RCMP appeared caught off guard by protesters blockading a Canada-U.S. border crossing last winter despite Alberta’s government being warned ahead of time, the mayor of Coutts, Alta., testified at a public inquiry Wednesday.
Mayor Jim Willett said he spotted a social media post about plans for the blockade and notified provincial officials two days before a convoy of trucks appeared in the town.
Willett was appearing before the Public Order Emergency Commission, which is investigating the federal Liberals’ use of the Emergencies Act weeks into the “Freedom Convoy” protests that gripped Ottawa’s downtown and inspired similar demonstrations elsewhere.
He told the inquiry that he warned Jason Kenney, the then-premier of Alberta, and the province’s solicitor general about the impending protest by email on Jan. 27.
Coutts is a small border town of just 245 people. Willett said he worried about residents’ vital access to the highway. He also flagged the possibility of a protest turning into an international incident, he said.
The next day, the solicitor general’s office assured him the RCMP was on top of it and they had it under control.
But on Jan. 29, a large convoy of trucks appeared at the border. And just as it appeared they would take a U-turn and leave, several trucks moved to block the road.
It looked to him like the RCMP were caught off guard, he said.
“When the trucks drove into the median and across both lanes of traffic going both directions, it became obvious that nobody was in control,” he told the commission.
RCMP didn’t establish a large police presence until three days later, Willett said.
During the demonstration, hundreds of semi-trailers blocked the lanes in and out of the U.S., preventing a steady stream of commerce between the two countries.
Many of the protesters were combative. Some got into verbal confrontations with police officers, and others used farm equipment to break through roadblocks.
A second protest encampment sprang up 10 km from the border, which required around-the-clock surveillance by hundreds of RCMP officers and Alberta sheriffs.
Willett said the crowd had been negotiating with police to open up a line of traffic through the border. But their resolve to continue protesting was strengthened by a sermon delivered by street pastor Artur Pawlowski, who encouraged more people to come and join the cause.
“How do you think the second war ended? Millions had to die. How do you think the first war ended? Millions had to die, and that’s the price that we have to be willing to pay,” Pawlowski said in a video of the sermon that was played for the commission.
The protests ended on Feb. 14, the same day the federal Emergencies Act was invoked, after RCMP made several arrests, seized multiple restricted weapons and charged four men with conspiracy to commit murder. At one point during the operation, protesters attempted to ram a police car with a large farm tractor and a semi truck.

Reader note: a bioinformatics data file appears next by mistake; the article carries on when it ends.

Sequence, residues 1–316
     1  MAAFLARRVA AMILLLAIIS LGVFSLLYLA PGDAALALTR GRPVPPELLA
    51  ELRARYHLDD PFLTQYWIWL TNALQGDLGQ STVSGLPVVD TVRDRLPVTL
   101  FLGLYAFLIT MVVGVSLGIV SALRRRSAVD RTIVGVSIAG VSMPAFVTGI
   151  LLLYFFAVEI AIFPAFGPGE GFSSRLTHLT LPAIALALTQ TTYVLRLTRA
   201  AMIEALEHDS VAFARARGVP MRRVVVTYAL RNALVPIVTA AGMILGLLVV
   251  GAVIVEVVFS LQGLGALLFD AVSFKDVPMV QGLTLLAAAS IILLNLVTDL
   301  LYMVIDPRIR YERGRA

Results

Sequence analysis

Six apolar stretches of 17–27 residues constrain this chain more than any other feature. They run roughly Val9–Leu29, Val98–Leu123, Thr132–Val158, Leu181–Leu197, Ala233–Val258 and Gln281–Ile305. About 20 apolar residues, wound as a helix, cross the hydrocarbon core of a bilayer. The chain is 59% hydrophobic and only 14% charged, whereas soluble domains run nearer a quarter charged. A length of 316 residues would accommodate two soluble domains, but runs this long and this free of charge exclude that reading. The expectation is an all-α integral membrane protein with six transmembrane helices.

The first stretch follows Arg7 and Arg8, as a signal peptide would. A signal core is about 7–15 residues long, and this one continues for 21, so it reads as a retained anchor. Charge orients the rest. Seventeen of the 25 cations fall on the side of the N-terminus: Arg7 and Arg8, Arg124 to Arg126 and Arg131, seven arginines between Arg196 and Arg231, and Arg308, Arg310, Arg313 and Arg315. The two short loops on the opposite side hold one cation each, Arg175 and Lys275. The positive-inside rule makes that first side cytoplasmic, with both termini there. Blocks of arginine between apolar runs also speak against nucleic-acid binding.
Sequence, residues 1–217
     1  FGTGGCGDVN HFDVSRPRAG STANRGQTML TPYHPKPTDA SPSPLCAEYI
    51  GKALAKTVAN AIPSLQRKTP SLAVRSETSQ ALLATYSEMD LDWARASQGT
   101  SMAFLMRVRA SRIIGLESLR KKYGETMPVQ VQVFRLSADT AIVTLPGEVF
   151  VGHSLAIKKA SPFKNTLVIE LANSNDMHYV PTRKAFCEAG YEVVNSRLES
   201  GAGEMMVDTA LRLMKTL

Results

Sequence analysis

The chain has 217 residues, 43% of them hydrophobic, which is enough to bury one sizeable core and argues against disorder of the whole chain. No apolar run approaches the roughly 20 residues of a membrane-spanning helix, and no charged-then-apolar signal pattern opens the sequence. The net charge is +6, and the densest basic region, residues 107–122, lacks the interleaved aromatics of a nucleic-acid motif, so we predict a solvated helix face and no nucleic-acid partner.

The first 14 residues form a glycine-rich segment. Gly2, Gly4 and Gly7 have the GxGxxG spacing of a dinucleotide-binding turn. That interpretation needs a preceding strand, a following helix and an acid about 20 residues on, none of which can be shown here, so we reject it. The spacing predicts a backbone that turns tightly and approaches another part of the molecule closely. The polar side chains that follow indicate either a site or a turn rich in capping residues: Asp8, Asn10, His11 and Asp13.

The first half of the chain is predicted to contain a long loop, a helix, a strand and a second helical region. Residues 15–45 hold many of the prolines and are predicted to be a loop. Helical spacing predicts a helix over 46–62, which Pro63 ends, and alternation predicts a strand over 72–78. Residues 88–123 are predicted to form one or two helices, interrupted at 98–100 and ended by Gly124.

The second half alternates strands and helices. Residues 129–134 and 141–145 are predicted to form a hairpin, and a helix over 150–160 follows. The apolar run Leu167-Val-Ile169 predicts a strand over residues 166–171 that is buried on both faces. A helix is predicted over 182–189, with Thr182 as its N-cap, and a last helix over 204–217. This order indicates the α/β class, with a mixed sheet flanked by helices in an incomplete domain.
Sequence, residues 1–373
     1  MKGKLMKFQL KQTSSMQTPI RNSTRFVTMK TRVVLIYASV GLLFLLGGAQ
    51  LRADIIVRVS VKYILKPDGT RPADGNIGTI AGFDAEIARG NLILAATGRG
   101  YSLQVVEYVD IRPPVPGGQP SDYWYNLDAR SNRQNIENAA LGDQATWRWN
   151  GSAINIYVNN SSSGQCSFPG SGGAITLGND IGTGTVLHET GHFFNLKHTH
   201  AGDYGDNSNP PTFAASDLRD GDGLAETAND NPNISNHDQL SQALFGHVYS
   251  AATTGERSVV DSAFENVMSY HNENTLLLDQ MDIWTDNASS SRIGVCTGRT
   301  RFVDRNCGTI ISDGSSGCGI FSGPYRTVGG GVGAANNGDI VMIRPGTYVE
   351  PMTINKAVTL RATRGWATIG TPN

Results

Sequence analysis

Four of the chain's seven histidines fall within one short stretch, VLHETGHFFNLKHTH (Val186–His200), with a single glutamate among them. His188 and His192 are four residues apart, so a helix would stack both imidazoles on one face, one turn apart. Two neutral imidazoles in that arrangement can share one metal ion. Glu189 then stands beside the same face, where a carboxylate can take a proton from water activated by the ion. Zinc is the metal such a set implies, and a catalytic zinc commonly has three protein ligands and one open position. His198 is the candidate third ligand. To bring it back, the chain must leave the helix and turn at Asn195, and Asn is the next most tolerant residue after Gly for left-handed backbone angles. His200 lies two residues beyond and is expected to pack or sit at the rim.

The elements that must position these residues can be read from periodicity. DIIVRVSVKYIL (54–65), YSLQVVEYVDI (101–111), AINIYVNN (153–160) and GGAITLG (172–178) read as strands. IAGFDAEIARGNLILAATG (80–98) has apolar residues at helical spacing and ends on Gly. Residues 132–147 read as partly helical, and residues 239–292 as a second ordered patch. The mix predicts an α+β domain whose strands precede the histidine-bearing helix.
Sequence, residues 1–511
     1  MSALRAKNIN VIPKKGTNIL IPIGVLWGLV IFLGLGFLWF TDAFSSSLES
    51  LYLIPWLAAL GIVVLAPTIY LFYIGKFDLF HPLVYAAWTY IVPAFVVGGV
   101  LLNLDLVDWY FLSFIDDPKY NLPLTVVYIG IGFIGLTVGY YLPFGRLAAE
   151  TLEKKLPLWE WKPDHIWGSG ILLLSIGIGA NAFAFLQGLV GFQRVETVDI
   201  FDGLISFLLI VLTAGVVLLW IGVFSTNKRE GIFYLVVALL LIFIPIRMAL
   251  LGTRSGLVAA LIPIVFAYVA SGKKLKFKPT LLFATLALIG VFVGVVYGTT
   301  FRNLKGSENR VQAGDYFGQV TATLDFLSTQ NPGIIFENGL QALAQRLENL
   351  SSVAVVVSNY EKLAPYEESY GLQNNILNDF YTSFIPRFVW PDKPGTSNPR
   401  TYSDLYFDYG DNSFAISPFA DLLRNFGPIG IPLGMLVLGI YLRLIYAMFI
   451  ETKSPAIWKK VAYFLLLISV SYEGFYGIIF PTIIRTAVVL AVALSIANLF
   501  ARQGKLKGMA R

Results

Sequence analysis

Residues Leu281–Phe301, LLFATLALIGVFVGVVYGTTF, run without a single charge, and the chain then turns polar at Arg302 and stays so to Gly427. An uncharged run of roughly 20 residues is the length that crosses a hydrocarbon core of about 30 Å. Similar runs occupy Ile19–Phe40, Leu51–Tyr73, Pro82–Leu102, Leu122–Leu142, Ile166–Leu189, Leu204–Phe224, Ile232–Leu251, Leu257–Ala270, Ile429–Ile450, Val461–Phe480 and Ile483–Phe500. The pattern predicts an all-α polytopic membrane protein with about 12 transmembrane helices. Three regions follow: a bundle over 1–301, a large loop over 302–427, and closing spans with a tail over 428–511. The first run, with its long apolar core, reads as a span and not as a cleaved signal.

Two days earlier, Willett had told a reporter for The Canadian Press that he was concerned about “a more extreme element” joining the protest, according to evidence tabled with the commission.
“You need to find someone in a protected position who will call these guys what they are, domestic terrorists,” Willett said in a text message.
“Won’t be me,” he added, explaining that he felt under threat from protesters. “They are right outside my window. I would be strung up, literally.”
Willett became emotional several times Wednesday as he described the impact of the blockade on his small border community and its residents.
He said that he guesses about 70 per cent of people in the town supported the convoy, and it caused a major divide. “We still have neighbours that won’t talk to each other because of the protest,” he said.
While some residents told the mayor they never had issues getting in and out of town as usual, even if they sometimes had drive through a field, others reported that they felt intimidated.
Willett broke down as he described an older woman who would curl up in a ball in the passengers seat when she was driven past the blockade to get to doctor’s appointments in the next town over.
On Tuesday, an Alberta town councillor who became an unofficial spokesman for the protesters during the demonstration told the commission that the murder plot had sullied the purpose of the blockade.
“The perception around Coutts, unfortunately, due to the discovery of the guns and such, has tainted what Coutts was,” Fort Macleod, Alta., councillor Marco Van Huigenbos said from the witness stand.
He said that after the weapons were discovered, it became clear that “every objective we were looking to achieve was no longer possible and that our message had been lost.”
The border crossing ultimately reopened on Feb. 15.
Witnesses at the inquiry this week are shedding light on two border blockades by protesters demonstrating against COVID-19 restrictions. The other was a six-day protest in Windsor, Ont., on the Ambassador Bridge.
Wednesday’s second witness was Mario Di Tommaso, Ontario’s deputy solicitor general. In the early stages of examining Di Tommaso, Gabriel Poliquin, who is on a legal team representing the commission, collapsed on the floor.
Emergency responders were called to the Library and Archives Canada building in downtown Ottawa where hearings are being held, and proceedings were stopped as lawyers and spectators cleared the room.
Poliquin’s condition remains unclear. A spokesman for the commission said in an emailed statement that, out of respect for Poliquin and his family, it would share no further details about his health.
The public hearing resumed a few hours later and moved on to the testimony of Ian Freeman, an official with Ontario’s transport ministry.
The inquiry, which is a legal requirement under the Emergencies Act, is expected to continue hearings through Nov. 25.